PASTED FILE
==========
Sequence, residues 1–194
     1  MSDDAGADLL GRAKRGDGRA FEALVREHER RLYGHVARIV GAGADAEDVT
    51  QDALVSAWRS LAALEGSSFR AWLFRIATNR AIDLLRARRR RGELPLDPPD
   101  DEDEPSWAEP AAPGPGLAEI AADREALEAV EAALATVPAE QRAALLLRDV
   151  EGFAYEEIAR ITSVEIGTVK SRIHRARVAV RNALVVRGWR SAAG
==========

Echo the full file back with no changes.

Sequence, residues 1–194
     1  MSDDAGADLL GRAKRGDGRA FEALVREHER RLYGHVARIV GAGADAEDVT
    51  QDALVSAWRS LAALEGSSFR AWLFRIATNR AIDLLRARRR RGELPLDPPD
   101  DEDEPSWAEP AAPGPGLAEI AADREALEAV EAALATVPAE QRAALLLRDV
   151  EGFAYEEIAR ITSVEIGTVK SRIHRARVAV RNALVVRGWR SAAG